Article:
Courage To Be Disliked (Alfred Adler) | Animated Book Summary

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This is the animated book summary of The Courage to be Disliked by Ichiro Kishimi & Fumitake Koga, explaining the Adlerian Psychology. This book on Amazon: h...

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  • Of course, I have to like that because I'm a huge fan of Alfred Adler ever since I've read him for the first time. BUT I love this book particularly because it's written as Philosopher < > YOUTH conversation. Which is real funny to read if you know how Adler's ideas have been misinterpreted far too often. 

    I'll copy a short passage of that book here:

    PHILOSOPHER: None of us live in an objective world, but instead in a subjective world that we ourselves have given meaning to. The world you see is different from the one I see, and it’s impossible to share your world with anyone else.

    YOUTH: How can that be? You and I are living in the same country, in the same time, and we are seeing the same things—aren’t we?

    PHILOSOPHER: You look rather young to me, but have you ever drunk well water that has just been drawn?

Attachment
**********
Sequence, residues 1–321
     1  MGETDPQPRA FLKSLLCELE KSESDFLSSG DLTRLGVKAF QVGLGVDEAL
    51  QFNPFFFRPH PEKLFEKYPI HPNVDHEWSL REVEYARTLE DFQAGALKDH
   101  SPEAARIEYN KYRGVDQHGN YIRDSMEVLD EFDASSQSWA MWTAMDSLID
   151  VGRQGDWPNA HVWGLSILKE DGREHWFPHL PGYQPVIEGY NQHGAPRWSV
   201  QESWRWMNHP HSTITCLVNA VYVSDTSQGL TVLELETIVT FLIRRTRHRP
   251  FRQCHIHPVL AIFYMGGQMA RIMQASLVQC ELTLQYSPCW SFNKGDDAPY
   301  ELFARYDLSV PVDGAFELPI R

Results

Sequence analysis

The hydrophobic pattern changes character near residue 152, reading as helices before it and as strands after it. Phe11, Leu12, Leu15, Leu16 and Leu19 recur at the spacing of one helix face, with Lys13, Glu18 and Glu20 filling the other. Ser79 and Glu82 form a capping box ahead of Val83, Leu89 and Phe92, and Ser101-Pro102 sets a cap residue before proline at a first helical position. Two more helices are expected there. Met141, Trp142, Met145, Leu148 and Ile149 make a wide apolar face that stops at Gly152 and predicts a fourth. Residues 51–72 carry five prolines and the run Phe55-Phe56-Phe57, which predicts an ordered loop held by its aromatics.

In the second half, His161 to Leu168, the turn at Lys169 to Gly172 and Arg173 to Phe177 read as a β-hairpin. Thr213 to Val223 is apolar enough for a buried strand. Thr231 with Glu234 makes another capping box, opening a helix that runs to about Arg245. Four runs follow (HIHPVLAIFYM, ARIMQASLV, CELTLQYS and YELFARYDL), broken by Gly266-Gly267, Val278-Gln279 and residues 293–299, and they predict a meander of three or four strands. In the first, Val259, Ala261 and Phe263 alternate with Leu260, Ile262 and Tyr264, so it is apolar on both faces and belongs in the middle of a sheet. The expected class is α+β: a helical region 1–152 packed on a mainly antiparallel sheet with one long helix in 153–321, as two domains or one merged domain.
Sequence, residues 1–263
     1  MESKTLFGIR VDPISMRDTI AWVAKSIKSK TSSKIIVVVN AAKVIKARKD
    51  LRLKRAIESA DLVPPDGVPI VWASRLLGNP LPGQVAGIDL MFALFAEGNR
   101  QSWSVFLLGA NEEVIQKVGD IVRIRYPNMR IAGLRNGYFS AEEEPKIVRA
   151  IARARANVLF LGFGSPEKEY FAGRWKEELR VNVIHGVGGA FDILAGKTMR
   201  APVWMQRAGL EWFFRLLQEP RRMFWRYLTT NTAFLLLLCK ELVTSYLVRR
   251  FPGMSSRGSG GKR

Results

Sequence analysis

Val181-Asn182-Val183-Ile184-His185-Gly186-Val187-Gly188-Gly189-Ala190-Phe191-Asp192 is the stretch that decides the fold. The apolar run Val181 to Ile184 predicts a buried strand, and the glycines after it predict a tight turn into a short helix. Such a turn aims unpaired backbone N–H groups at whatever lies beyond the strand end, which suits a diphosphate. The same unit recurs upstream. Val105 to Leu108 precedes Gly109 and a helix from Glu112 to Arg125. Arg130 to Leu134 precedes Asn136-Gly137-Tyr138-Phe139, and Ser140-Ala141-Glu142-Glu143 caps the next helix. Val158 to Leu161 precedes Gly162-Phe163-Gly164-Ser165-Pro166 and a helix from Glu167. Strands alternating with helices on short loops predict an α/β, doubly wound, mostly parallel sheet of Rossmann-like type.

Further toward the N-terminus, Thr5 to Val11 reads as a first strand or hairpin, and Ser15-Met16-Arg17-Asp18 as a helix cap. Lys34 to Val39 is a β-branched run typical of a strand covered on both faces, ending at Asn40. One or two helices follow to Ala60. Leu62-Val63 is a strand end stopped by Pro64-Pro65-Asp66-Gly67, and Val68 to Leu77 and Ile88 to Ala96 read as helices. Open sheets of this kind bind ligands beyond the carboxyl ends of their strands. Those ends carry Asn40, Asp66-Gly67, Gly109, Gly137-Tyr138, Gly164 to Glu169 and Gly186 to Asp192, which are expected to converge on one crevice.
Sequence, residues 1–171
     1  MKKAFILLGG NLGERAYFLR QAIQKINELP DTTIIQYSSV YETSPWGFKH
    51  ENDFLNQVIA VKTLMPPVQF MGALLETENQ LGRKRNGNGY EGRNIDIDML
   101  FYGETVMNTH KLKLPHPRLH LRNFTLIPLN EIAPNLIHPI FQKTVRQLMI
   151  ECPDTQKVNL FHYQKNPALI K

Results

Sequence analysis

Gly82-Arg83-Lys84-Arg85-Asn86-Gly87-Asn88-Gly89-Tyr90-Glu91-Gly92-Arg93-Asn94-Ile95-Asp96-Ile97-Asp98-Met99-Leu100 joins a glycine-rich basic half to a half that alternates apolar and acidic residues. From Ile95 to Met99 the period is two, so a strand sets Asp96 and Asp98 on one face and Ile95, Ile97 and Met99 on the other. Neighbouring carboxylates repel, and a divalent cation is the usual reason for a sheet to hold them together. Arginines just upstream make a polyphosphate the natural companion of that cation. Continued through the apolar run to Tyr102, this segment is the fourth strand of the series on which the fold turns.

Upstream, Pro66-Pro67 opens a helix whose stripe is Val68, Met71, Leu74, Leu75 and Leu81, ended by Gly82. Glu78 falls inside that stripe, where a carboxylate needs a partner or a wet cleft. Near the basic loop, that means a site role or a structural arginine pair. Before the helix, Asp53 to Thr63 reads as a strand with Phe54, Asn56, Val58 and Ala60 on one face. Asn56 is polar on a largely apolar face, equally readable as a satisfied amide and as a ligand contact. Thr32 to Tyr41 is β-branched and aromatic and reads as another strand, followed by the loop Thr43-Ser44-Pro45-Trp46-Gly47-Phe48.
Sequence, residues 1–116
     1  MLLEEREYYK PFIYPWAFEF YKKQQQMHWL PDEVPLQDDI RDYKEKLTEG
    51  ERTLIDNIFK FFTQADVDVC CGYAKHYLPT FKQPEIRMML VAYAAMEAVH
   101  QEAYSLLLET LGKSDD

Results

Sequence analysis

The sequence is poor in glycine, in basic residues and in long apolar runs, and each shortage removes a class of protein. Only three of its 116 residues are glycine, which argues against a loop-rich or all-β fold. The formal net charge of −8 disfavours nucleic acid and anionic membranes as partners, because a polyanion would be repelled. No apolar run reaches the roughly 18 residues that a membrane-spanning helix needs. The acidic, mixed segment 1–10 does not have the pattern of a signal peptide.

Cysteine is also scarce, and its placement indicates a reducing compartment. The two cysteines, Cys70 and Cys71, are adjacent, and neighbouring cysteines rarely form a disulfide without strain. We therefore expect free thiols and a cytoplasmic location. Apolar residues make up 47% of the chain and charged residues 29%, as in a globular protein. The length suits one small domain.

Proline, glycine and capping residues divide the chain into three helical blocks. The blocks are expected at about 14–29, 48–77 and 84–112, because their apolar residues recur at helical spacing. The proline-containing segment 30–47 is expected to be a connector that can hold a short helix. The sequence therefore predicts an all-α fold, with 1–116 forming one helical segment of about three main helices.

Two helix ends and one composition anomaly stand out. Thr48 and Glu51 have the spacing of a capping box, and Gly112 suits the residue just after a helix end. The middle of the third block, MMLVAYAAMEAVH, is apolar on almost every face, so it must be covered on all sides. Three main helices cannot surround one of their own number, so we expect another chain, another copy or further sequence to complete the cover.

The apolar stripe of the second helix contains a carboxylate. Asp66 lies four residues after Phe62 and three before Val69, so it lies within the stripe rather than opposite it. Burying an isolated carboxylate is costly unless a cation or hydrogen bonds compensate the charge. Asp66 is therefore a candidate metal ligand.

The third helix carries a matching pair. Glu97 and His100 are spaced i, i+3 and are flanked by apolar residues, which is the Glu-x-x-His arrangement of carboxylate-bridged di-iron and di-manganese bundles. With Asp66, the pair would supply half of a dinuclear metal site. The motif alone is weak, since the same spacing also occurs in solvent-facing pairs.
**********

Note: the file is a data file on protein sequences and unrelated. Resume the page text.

YOUTH: Well water? Um, it was a long time ago, but there was a well at my grandmother’s house in the countryside. I remember enjoying the fresh, cold water drawn from that well on a hot summer’s day.

    PHILOSOPHER: You may know this, but well water stays at pretty much the same temperature all year round, at about sixty degrees. That is an objective number—it stays the same to everyone who measures it. But when you drink the water in the summer it seems cool and when you drink the same water in the winter it seems warm. Even though it’s the same water, at the same sixty degrees according to the thermometer, the way it seems depends on whether it’s summer or winter.

    YOUTH: So, it’s an illusion caused by the change in the environment.

    PHILOSOPHER: No, it’s not an illusion. You see, to you, in that moment, the coolness or warmth of the well water is an undeniable fact. That’s what it means to live in your subjective world. There is no escape from your own subjectivity. At present, the world seems complicated and mysterious to you, but if you change, the world will appear more simple. The issue is not about how the world is, but about how you are.

    ***Taken from 'The courage to be disliked - Ichiro Kishimi & Fumitake Koga''''


    But who likes this kinda books, and maybe has some background on Humanistic psychology, I highly recommend to read 'The Courage to be Happy - Ichiro Kishimi and Fumitake Koga' (same authors, same writing style) 

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